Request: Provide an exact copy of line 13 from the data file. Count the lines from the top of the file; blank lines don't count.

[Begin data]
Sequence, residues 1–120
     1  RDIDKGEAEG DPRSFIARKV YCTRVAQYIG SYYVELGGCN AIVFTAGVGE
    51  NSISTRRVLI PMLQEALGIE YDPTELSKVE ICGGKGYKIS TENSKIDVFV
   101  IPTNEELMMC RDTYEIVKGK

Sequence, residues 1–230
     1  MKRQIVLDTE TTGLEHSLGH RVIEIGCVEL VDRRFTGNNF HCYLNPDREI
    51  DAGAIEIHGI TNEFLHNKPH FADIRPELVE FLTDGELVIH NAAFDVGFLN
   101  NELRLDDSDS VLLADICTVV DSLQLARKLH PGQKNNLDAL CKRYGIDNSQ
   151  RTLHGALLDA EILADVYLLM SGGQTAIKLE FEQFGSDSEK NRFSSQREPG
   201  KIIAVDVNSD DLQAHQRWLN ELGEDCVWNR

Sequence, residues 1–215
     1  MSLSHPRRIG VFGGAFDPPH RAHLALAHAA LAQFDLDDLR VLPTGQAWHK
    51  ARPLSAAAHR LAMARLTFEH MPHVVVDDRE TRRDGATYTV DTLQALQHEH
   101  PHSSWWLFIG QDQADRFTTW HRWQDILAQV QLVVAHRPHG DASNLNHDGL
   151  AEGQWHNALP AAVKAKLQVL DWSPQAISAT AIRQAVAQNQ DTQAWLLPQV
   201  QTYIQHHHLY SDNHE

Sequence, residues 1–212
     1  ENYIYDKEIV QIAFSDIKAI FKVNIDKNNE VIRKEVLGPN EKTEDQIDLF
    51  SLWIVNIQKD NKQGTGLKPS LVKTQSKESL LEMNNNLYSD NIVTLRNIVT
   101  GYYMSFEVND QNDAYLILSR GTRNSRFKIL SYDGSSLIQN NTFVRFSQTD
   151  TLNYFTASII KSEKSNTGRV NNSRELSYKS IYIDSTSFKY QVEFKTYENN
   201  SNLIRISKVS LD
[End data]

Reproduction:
    51  ARPLSAAAHR LAMARLTFEH MPHVVVDDRE TRRDGATYTV DTLQALQHEH